Kaillie Humphries cleared to bobsled at Olympics for U.S.

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Kaillie Humphries is now, officially, an American.

And just like that, the U.S. medal hopes in bobsledding at the Beijing Olympics just got much stronger.

The reigning world champion in both monobob and women’s bobsledding was sworn in as a citizen in San Diego on Thursday, ending her long saga to become an American and have the right to compete for the U.S. at the Olympics.

She does not yet have her passport, but that is likely to be little more than a formality. Without the passport, there was almost no chance the Canadian-born Humphries would have been allowed to slide at the Olympics.

“Most stressful morning ever, but it’s done,” Humphries told The Associated Press from the plane as she was leaving San Diego.

It was a whirlwind finale to the process. Humphries raced in a World Cup stop at Austria this past weekend. She got to Altenberg, Germany for this week’s race on Monday, did the two necessary training runs Tuesday that she needed to qualify for World Cup races this weekend, then made the 5-hour drive to Frankfurt for a Wednesday morning flight to San Diego.

Her citizenship meeting was Thursday, and not long afterward was back on a plane for the return to Europe.

“I think she’s super excited,” U.S. bobsled coach Mike Kohn said in a telephone interview from Germany. “She’s had a great couple of years with us. I think she’s going to just really shine now. I think, the uncertainty, it’s held her back a little bit. I think it’s held us all back.”

Humphries — a two-time Olympic champion and three-time Olympic medalist, all won for Canada — lives in San Diego, has held a green card and is married to an American, former bobsledder Travis Armbruster.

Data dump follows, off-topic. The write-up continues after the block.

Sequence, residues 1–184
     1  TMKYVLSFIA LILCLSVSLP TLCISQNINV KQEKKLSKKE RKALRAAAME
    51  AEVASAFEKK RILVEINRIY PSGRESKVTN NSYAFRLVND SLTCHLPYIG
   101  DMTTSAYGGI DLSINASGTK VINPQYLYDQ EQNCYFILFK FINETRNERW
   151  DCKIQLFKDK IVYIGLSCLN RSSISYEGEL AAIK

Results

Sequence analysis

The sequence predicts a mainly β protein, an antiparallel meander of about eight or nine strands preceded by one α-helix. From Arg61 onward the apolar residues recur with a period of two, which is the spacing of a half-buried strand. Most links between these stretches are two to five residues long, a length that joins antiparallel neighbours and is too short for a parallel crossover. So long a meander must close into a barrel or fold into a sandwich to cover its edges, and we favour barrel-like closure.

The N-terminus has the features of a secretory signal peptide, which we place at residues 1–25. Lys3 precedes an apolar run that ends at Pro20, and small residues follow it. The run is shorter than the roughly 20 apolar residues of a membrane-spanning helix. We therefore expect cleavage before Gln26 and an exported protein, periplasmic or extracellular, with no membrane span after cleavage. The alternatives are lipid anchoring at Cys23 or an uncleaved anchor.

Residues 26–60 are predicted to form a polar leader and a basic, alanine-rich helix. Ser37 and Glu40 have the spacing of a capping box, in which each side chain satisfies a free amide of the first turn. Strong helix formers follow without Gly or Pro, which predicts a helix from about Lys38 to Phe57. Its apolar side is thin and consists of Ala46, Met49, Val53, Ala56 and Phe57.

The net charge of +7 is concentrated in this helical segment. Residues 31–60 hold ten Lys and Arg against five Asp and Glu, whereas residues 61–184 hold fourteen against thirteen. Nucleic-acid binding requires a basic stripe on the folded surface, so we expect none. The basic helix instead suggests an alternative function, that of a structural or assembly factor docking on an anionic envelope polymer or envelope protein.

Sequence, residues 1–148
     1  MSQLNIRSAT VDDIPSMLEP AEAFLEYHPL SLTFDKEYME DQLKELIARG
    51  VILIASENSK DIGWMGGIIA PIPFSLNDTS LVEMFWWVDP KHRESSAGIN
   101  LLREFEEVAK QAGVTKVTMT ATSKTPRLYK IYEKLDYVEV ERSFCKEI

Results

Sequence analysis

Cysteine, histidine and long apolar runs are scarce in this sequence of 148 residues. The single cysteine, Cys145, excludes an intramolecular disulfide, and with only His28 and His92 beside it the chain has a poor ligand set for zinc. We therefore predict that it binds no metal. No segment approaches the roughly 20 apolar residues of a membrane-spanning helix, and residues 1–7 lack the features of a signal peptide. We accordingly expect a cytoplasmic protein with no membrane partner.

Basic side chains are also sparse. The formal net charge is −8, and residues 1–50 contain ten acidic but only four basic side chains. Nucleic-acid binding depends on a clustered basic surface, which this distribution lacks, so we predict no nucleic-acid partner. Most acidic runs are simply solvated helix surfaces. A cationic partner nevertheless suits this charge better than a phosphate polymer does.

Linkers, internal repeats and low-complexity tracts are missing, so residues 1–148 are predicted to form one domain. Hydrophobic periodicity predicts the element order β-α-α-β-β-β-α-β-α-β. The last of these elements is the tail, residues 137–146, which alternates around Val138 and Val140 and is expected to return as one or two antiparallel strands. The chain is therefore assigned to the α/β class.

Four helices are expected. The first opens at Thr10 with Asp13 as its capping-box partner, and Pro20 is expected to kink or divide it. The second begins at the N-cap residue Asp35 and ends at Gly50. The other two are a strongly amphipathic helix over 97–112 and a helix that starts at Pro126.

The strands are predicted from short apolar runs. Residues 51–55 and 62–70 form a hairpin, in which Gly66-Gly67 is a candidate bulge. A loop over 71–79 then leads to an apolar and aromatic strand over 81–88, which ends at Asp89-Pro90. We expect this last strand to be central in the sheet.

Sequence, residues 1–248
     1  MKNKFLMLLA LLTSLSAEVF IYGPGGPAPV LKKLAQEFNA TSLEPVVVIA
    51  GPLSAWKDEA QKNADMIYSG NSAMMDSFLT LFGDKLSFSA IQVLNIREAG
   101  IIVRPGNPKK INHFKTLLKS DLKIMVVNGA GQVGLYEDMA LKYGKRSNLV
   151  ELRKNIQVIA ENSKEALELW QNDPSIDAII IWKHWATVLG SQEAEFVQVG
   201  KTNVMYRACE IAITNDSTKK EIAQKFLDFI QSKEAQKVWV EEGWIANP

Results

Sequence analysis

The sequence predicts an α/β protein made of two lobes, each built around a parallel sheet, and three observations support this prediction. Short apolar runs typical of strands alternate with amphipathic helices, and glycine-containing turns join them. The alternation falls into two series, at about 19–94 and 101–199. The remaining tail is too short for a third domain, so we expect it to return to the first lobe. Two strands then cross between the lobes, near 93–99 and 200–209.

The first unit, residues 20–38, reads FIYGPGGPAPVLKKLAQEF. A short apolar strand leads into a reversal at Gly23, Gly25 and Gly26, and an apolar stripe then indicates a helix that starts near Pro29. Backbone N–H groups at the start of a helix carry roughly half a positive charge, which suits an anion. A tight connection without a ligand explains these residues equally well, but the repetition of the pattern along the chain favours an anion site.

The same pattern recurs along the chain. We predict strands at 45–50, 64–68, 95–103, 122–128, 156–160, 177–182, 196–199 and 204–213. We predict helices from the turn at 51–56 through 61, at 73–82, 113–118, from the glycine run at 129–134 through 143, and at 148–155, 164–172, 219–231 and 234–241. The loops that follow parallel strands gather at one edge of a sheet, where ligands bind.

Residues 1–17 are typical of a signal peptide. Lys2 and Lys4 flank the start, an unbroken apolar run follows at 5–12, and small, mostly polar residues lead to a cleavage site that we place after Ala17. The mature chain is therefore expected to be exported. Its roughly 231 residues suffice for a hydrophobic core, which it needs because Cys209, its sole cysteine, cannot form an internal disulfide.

She won the right to slide for the U.S. in September 2019 after a lengthy and ongoing dispute with Canadian bobsled officials over claims of verbal abuse, mental abuse and harassment. Humphries left the Canadian team, she said, to seek a safer work environment.

Joining the U.S. team was not an easy decision, especially since she knew it did not come with a guarantee of being able to slide for the Americans at the Beijing Games — but was still a move she deemed necessary for her mental and physical safety.

She could have pursued the chance to slide for another country at these Olympics, but made the decision long ago that if she was going to Beijing she was going as an American.

Which, as of Thursday, she is.

Her resume is one of the best in the sport’s history: five world championships, 54 World Cup medals — 27 of them gold — and she’s the only women’s pilot to win two Olympic golds and drive to three medals at the Games.

Humphries won the world titles last season for the U.S. and has been allowed to compete in World Cup and world championship events for the Americans because different rules apply in those situations. Canada’s federation released her in 2019, clearing the path for her to slide for another country. But the Olympic rules are tighter and mandate that, in nearly every instance, an athlete have a passport of the country they are representing.

The International Olympic Committee could have waived that rule, but gave no indication it would do anything on Humphries’ behalf.

Now, the U.S. is likely heading to the Olympics with two drivers that can win medals — Humphries and Elana Meyers Taylor. The addition of monobob to the women’s Olympic program means female bobsledders have two chances for medals now at the Games, like the men have had for decades.

The U.S. has won at least one medal in bobsledding in each of the last five Olympics.

“It’s going to inject some enthusiasm into the team,” Kohn said. “It’s going to let Kaillie be herself again. She’s had this on her mind all year. And now such a weight is off her shoulders.”